December 20, 2017
Featured: Mez Breeze
Mez Breeze's crazy-large-and-hodgepodge stimulus pool of creativity
Can you tell us a little bit about yourself and your artistic background?
Sure thing! I’m Mez…Mez Breeze [make sure to say that in your head just like the famous James Bond quote 😉]. I’ve been writing, constructing, and developing an absolute boatload of digital art/fiction, VR and AR experiences, games, experimental storytelling, interactive fiction, regular dead-tree books, and 3D sculptures for over 20 years now [yup, I’m an oldie]. I also like to regularly, and incorrectly, [ab]use square brackets. My background includes having Degrees in Applied Social Science as well as Creative Art and Writing, and I’ve tinkered in everything from electronic literature to analogue drawing/painting/installations, and now VR sculpture/illustration. I also produce and direct projects too - I’m a bit of a mixed bag all up.
What kinds of creative projects inspire you? Do you usually think of in terms of storytelling when you make designs?
Things that inspire me the most when designing aren’t really other creative projects, but are instead are drawn from a crazy-large-and-hodgepodge stimulus pool. Right now anything from biological/ecological/permaculture systems [eg birdwatching] to insanely-voyeuristic pop culture absorbing [eg bingewatching] are helping shape the odd evolutionary critters that are currently creeping out of my subconscious, seeping down through my Vive Controllers and into a VR space.
Creative VR projects that have inspired me greatly in the past [when I first got my hot l’tle mitts on my Vive and Rift and was massively jumping into any and all VR Experiences I could find] were those that had a looser, flexible storyline or execution, like Surge [an amazingly immersive short video clip and a great one to start novices out on], LoVR [gorgeous and poetic], Firebird/La Peri [stunning] and Gnomes & Goblins (Preview) [a lovey critter-based experience showcasing the amazing storytelling potentials that VR holds]. In terms of thinking in storytelling when making designs in VR: it depends entirely on whether I’m experimenting [otherwise known as “faffing about”] or constructing assets for use in specific projects.
What are some VR projects you are working on?
VR projects I’m working on right now include a VR Adventure in the long-running Inanimate Alice Series called Perpetual Nomads, and a type of VR Cabinet of Curiosities called WonderRoomVR which features a set of my VR sculptures. I’m also currently creating hybrid sculpture/3D model/illustration combos too using MasterpieceVR [more about that later], Tilt Brush and Google Blocks.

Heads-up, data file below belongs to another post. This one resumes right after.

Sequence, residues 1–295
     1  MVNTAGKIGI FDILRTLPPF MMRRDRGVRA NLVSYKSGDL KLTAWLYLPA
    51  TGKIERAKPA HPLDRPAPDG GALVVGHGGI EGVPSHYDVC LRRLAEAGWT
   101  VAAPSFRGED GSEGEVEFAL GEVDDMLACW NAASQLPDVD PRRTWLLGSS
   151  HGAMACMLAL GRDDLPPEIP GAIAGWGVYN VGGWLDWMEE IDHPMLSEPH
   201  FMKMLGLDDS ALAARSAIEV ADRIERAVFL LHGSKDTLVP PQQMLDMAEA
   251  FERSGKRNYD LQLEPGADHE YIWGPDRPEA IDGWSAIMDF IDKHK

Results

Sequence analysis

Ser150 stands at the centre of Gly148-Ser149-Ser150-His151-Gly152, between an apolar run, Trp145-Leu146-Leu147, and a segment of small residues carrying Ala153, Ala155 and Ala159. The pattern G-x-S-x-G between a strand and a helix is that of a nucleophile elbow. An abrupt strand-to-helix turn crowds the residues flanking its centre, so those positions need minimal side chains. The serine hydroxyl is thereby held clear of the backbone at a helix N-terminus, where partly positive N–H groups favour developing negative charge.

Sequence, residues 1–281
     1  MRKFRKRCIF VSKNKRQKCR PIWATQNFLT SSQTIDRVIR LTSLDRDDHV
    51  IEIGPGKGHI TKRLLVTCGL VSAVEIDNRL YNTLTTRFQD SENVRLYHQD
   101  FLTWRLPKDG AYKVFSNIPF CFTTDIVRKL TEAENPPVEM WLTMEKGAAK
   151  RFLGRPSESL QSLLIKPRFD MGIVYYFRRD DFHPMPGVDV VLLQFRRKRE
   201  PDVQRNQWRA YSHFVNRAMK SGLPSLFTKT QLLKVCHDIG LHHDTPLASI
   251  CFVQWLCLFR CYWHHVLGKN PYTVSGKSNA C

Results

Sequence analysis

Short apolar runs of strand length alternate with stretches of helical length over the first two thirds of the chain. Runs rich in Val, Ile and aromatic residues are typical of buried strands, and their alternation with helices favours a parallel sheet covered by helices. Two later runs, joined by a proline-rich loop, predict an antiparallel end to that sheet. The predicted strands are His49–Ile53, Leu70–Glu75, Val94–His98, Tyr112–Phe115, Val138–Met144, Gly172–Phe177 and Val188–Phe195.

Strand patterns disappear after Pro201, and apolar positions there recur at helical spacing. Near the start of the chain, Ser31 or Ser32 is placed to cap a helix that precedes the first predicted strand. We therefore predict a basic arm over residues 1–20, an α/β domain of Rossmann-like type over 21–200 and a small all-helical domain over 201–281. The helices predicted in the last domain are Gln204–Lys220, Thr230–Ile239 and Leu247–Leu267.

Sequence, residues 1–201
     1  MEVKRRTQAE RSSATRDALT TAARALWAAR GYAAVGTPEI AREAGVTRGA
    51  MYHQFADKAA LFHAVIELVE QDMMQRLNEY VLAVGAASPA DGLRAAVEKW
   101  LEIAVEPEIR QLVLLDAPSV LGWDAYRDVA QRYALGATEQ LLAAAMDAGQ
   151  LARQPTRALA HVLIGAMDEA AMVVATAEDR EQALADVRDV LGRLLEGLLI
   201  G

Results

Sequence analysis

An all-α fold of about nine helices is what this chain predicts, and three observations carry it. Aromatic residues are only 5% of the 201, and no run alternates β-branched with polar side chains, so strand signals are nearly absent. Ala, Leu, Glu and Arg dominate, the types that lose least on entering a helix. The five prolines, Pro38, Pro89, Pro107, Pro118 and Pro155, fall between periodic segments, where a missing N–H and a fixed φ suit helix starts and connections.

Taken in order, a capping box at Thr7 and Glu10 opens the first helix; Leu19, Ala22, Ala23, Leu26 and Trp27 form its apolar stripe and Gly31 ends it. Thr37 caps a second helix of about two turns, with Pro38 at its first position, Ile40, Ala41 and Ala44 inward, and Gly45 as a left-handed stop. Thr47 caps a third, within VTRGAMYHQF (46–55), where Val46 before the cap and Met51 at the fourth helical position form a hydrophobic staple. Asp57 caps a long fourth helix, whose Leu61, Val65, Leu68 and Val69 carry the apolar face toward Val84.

What aspects of the creative VR space are you most excited about. What would you like to be able to do in VR?
So I’m *incredibly* excited about so many of the potentials of VR [and AR too] – I’ve been waiting patiently for a while now for hardware to play catch-up to theory. There's so much that's different when creating in VR and AR from other mediums, especially in relation to narrative progression and structuring. In terms of my own work, it's been gobstonking to observe best practices forming around standout VR experiences and learning from these. There's been so much hype about VR being a way of perpetuating empathy [ref: Chris Milk's famous catchphrase of VR being capable of creating an "...ultimate empathy machine"], and there's so much scope for VR to be just that, even with the hype. I remember when delving into VR for the first time back in the 1990's when VRML was the shiny new thang, and being so freakin’ excited by it. Strangely enough, the creative and technical challenges that VR creators faced back then are surprisingly similar to those today: high-end performance issues, mainstream adoption hurdles [ref: Gartner Hype Cycle], dealing with platform/industry fragmentation. The skills VR Creators need range from knowing how to handle spatial storytelling, to understanding emotional intelligence, to having the ability to formulate story experiences that take into account various hardware and platform limitations like FoV constraints, tethered headsets restricting natural movements [gimme gimme gimme a TPCast!], hardware-specific limitations like the screen-door effect etc. So basically in terms of what I want to be able to do in VR, I’d like to see issues like these addressed first, and then have at it with more user-friendly tech centred in a less fragmented industry – then I can push all this to its limits, as I’ve been known to do in other creative avenues [*cough*].